A Developmental Perspective on Technological Change (2008, World Archaeology 40(4):597-608)
This was my first publication that combined computational modeling and archaeological data. The main argument of the paper is that processes of technological change are understandable and generalizable to prehistory. First, I used a really simple agent-based model to demonstrate how a basic trial-and-error "search" process produces an S-shaped curve of performance increase through time. These kinds of curves are well-studied phenomena. In cases of technological development, a period of rapid performance increase is often followed by a period of more gradual improvement as a technology is optimized.
Model results showed that as development progresses through these rapid and more gradual portions of the S-curve, the amount of variability in examples of the technology per unit of time decreased. Examples of the technology are more variable per unit of time during the period of rapid development because development is proceeding so rapidly. This suggests that assemblages of "early" artifacts should be more variable than assemblages of "late" artifacts if three things are true: (1) a trial-and-error process of technological development is operating; (2) "early" and "late" assemblages of artifacts are drawn from periods of time that are comparable in length; and (3) an appropriate performance-related metric can be identified.
I then compared these results to an example of technological change where year-by-year data on performance were available: aircraft piston engines. The path of performance increase in this technology (as measured by the ratio of weight to power) is clearly non-linear, with a period of rapid development followed by a period of more gradual optimization. The statistical properties of "early" and "late" assemblages of engines are also as expected, with much greater variability in the early stage of development. This example also highlights the relatively scarcity of early examples of a technology: this is result of the combination of S-shaped curves of both development and diffusion (see figure above). Early in adoption, technologies may change rapidly and be used by relatively few. There was only one original Wright Brothers engine ever made, while there were thousands of Pratt & Whitney Double Wasp engines produced. Which would be more likely to show up in an archaeological assemblage?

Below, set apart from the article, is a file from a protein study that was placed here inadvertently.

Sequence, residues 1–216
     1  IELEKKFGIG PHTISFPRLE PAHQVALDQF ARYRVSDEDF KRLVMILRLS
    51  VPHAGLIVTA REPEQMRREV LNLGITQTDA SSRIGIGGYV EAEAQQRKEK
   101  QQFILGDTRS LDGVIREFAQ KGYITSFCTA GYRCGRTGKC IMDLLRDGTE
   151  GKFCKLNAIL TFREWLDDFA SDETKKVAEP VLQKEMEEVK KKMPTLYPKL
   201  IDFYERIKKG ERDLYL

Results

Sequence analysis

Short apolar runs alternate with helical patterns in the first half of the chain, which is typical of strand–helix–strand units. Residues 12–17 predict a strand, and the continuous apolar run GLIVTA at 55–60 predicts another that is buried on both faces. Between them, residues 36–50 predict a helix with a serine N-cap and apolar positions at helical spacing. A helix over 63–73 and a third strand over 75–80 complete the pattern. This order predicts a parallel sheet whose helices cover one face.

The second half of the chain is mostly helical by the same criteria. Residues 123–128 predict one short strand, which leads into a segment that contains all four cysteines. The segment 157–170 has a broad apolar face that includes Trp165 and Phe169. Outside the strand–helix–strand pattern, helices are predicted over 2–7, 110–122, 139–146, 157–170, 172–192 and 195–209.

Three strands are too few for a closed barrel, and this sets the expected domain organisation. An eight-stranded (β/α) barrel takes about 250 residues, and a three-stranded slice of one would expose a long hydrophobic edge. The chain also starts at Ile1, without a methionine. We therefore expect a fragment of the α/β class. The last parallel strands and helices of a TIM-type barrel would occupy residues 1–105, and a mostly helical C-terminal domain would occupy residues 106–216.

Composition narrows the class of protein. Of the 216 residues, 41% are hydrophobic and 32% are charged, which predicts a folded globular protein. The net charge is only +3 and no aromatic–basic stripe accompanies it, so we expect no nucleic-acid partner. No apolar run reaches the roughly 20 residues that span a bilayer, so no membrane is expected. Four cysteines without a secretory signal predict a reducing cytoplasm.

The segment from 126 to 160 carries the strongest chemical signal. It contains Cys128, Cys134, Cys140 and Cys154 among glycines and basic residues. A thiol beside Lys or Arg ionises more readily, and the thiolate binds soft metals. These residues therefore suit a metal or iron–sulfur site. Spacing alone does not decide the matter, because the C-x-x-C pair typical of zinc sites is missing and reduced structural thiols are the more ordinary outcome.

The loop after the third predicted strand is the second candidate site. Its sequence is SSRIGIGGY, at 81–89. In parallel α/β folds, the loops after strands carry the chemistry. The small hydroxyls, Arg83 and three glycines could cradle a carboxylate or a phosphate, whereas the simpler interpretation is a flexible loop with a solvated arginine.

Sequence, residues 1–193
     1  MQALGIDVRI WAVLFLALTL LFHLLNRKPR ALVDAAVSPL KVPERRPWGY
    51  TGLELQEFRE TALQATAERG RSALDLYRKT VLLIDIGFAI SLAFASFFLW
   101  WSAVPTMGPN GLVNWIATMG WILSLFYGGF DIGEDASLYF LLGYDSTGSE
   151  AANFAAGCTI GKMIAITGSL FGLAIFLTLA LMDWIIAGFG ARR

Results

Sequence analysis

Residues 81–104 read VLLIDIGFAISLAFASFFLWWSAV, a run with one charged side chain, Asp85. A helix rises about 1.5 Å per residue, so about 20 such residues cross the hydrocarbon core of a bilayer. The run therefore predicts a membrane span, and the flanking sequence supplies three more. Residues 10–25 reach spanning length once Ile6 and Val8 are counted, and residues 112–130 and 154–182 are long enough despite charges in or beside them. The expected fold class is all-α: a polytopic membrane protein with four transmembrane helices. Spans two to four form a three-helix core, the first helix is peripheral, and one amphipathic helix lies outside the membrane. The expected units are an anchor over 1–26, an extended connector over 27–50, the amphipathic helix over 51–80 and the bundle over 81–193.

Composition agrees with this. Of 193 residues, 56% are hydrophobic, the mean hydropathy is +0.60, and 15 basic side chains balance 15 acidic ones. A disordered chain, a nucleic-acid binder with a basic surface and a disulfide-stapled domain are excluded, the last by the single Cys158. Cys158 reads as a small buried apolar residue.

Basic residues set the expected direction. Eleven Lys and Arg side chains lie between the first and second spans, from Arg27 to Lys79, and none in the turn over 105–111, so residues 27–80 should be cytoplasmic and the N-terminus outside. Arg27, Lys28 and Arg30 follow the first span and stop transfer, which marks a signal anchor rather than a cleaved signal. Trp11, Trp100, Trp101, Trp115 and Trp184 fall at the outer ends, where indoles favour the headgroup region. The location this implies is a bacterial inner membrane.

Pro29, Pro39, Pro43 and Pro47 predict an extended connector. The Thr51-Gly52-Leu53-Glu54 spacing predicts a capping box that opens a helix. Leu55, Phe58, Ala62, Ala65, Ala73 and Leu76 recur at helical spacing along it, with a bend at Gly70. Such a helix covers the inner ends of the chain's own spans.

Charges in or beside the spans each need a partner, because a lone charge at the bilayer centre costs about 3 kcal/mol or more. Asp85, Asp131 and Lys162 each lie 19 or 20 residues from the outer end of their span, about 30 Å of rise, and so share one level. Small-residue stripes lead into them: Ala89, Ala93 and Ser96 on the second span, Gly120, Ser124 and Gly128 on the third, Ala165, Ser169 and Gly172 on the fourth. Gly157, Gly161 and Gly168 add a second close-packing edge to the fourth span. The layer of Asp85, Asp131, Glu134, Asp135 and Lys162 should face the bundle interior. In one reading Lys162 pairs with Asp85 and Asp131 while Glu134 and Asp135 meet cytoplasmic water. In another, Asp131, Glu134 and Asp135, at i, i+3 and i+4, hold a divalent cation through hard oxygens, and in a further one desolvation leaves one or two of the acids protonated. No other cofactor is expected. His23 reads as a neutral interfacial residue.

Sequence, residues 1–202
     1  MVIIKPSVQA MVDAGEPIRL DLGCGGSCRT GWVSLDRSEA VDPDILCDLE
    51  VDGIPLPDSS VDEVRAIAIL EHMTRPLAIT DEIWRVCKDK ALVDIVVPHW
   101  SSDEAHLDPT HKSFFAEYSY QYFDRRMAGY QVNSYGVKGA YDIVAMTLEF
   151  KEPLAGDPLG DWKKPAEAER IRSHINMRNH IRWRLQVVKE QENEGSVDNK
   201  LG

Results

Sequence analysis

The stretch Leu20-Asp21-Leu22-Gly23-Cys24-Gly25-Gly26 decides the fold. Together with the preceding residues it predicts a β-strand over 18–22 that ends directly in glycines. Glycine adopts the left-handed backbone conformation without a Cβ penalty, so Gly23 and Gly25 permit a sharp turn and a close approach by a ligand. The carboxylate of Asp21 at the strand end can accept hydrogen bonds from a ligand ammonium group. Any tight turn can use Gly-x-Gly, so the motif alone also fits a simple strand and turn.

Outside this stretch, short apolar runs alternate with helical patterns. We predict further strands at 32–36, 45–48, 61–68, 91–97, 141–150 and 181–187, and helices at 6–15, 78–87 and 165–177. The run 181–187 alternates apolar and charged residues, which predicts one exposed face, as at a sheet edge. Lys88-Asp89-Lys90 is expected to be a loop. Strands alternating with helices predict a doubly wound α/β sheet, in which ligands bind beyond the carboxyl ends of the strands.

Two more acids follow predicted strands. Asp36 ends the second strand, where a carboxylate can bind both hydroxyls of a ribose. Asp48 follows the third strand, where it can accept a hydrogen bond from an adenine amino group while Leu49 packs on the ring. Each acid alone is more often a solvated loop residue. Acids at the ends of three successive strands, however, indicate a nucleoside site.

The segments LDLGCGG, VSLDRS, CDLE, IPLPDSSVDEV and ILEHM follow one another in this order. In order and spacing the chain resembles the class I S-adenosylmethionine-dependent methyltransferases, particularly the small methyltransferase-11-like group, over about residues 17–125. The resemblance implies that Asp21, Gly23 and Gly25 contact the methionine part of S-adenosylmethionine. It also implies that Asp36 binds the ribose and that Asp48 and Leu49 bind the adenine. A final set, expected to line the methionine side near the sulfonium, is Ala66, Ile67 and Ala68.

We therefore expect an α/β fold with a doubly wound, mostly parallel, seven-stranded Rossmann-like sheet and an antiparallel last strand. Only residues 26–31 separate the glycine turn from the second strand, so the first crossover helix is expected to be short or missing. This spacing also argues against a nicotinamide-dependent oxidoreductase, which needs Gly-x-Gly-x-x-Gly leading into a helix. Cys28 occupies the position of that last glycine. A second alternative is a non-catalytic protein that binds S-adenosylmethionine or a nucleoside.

I then briefly discussed an archaeological example (fluted point technologies) in light of some generalized expectations for non-linear paths of technological change. I didn't have the archaeological dataset I needed at the time, or the space in the paper, to do a full analysis of fluted point development. I am much closer now to having suitable data: I compiled a much larger dataset for my dissertation, and have made a start of partitioning aspects of functional and stylistic variability in Paleoindian and Early Archaic points. I've also been assembling a massive dataset on change in various historically-documented technologies. Maybe I will revisit the ideas in this paper soon.
I first presented the ideas in this paper at an invited workshop on Paleoindian archaeology. The reaction to the presentation I gave was mixed. Some people saw the value in what I was trying to do, and others clearly did not. I perceived a lot of head scratching and received a lot of feedback. Some of the feedback was constructive, but much of it was fairly negative. I was even told at one point, point blank, that what I was doing had no value. "More culture-history, less modeling" . . . that was the way forward. In retrospect, I shouldn't have been surprised. But it was an eye opener at the time.
I don't think we should assume that, for some reason, technologies that we can observe archaeologically follow fundamentally different rules of change than those we can observe in the present. I think, rather, that we should make an attempt to understand the mechanisms underlying change and try to develop expectations that will help us identify those mechanisms in archaeological assemblages. This may go a long way toward understanding why rates of change in material culture seem to be so variable across time and space. Of course there are many challenges to applying these kinds of ideas to archaeological assemblages, but it is our job as archaeologists to figure out how to do that. That requires modelling and theory-building. You're going to spend a long time sitting in a quiet lab if you decide to "just let the data speak for itself."
Anyway, it was apparent that my paper did not fit with what most of the others at the workshop were doing. I decided that I would submit a different paper (Paleoindians in northern Indiana) for the edited volume that would be produced from the workshop. As I was working on that, Mike Shott contacted me about doing a short paper on the work I had presented for a "Debates" volume of World Archaeology he was editing. I happily agreed, and that became this paper. Some time later, well after I had finished a draft of my paper on northern Indiana Paleoindian paper, the proposed edited volume that was supposed to come from the workshop was cancelled. All that northern Indiana data, with all the requisite source-to-discard diagrams, etc., was incorporated into my dissertation (and subsequently, papers in North American Archaeologist and Archaeology of Eastern North America) in a way that, I hope, will ultimately be more useful than yet another paper stating that Paleoindians moved tools long distances across the landscape.